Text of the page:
Reformasi spirit still burns in Anfaal Saari

Anfaal Saari (left) with her father, Selangor Amanah deputy chief Saari Sungib. Anfaal says she now sees Dr Mahathir as an important part in the cause for change. (Facebook pic)

KUALA LUMPUR: Anfaal Saari, vice-chief of Pakatan Harapan’s women’s wing, admits she knew little about politics before the 1998 arrest of Anwar Ibrahim and the ensuing wave of protests against the prime minister of the time, Dr Mahathir Mohamad.

She was quickly thrown into the world of activism because her father, Saari Sungib, the current deputy chief of Selangor Amanah, was one of the activists associated with the Reformasi movement, under which the sustained protests were carried out.

“Back then,” she told FMT, “you had only VCD recordings of Anwar being arrested. My family, including myself, made copies of the VCD and distributed them to the public.

“Seeing Anwar’s family suffer, seeing the black eye that Anwar got while in prison – all that sunk into my mind and that’s when the Reformasi spirit within me started to burn.”

She said her home became a “war room” for the movement.

“We had posters and books in the house and we opened our doors to fellow activists. I met many people. We went for demonstrations and we distributed fliers.”

She said things took a turn for the worse for her family with the second wave of arrests in October 1998.

“My father was detained under the Internal Security Act (ISA). My mother was pregnant at the time and so, being the eldest, I was left in charge.

“It was a very difficult time for me because I had no clue as to what I should do. I had to learn along the way.”

It was around this time that her family’s hatred for Mahathir reached its peak, she said.

Anfaal at a ceramah. (Facebook pic)

“At that time, we would have either laughed or slapped you if you somehow had prophetic powers and told us that Mahathir would one day join the opposition. We could never have imagined working with him.”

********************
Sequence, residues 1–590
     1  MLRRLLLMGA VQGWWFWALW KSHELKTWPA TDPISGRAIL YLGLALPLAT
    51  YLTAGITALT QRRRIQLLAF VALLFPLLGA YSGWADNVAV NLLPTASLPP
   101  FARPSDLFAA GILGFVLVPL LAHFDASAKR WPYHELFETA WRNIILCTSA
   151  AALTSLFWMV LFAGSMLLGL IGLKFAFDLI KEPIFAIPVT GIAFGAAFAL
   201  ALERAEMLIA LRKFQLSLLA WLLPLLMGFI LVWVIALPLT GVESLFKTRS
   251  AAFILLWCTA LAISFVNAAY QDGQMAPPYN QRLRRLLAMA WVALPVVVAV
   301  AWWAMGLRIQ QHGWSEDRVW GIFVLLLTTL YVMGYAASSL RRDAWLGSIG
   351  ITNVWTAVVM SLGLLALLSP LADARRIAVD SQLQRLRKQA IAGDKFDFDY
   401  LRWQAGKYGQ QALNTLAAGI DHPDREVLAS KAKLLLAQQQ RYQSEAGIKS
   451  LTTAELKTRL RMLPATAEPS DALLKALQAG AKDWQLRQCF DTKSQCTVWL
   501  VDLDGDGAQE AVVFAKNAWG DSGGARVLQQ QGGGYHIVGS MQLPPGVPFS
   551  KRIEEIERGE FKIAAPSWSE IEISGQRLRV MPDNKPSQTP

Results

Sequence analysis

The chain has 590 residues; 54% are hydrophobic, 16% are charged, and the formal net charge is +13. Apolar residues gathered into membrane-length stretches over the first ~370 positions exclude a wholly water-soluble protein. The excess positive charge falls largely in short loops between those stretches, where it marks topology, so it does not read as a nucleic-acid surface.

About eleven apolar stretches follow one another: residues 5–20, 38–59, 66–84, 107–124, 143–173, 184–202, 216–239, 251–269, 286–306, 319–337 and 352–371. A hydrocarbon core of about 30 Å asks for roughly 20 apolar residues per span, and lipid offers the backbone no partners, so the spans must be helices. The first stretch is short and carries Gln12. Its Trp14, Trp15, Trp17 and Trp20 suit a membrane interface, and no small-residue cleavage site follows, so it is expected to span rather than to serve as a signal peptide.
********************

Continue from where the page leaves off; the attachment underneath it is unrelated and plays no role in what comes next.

Saari was eventually released from detention, but in 2001, further arrests were made under the ISA. Anfaal said her father could sense, as early as November 2000, that the authorities would be coming for him and other activists.

“So in December, we went for a family holiday in Medan. Then January passed, February, March and finally, in April 2001, my father was arrested.

“We chased the police car all the way to the police station, but we finally lost sight of it.”

Under ISA, a person could be held for up to 60 days before his case was reviewed to determine whether he should be detained further, usually two more years, before another review. Anfaal said she prayed hard for her father’s release on the 60th day of his detention.

She was in Terengganu when, on the 54th day, she was summoned home and her mother told her Saari would be imprisoned at the Kamunting detention centre for two years.

“I cried my lungs out then and did so again when we met my father the next day.”

Marriage proposal

About a year later, she received a marriage proposal from her current husband.

During a visit to Kamunting three weeks after the proposal, she asked her father to sign a document surrendering his paternal right to someone else who would be qualified under shariah law to give away the bride. He refused.

“We set the wedding date for April 7, hoping that he would be released by then. If not, we would have to call off the wedding.

“Even by April 6, no news had come. But on April 7, the police brought my father home in a van and he was allowed not only to give me away but also to give a short speech.”

Anfaal said her acceptance of Mahathir as an ally did not happen overnight. She said it was a slow transition that began with PAS’ treatment of her father during the height of the 2014 Kajang Move. Saari was at the time a PAS member serving as state assemblyman for Hulu Kelang. He was among those who supported the move to oust the then menteri besar, Khalid Ibrahim, much to the chagrin of PAS president Abdul Hadi Awang.

“My father was among the first ones to sense that Khalid Ibrahim wanted to unite Selangor PAS and Selangor Umno under him so he could keep his position,” Anfaal said. “He was one of the few PAS assemblymen who went against Khalid.”

She recalled that Saari came under intense attack from PAS leaders and members.

“It hurt him badly. Haji Hadi called him a lackey and a lot of other names and even prayed for him to be damned.”

When PAS leaders who were ousted at the party’s 2015 muktamar formed Gerakan Harapan Baru and later Parti Amanah Negara, she said, it was natural for her and Saari to join them.

“So there was a transition,” she said. “And deciding to work with Mahathir was another transition. It was not something we had to come to terms with overnight. It was never about accepting or not accepting Mahathir. It was all about the cause.

“We were all firm that the Reformasi cause was far more important than any personal feelings we had. Then, when Mahathir came into the picture, we saw his importance for the cause.”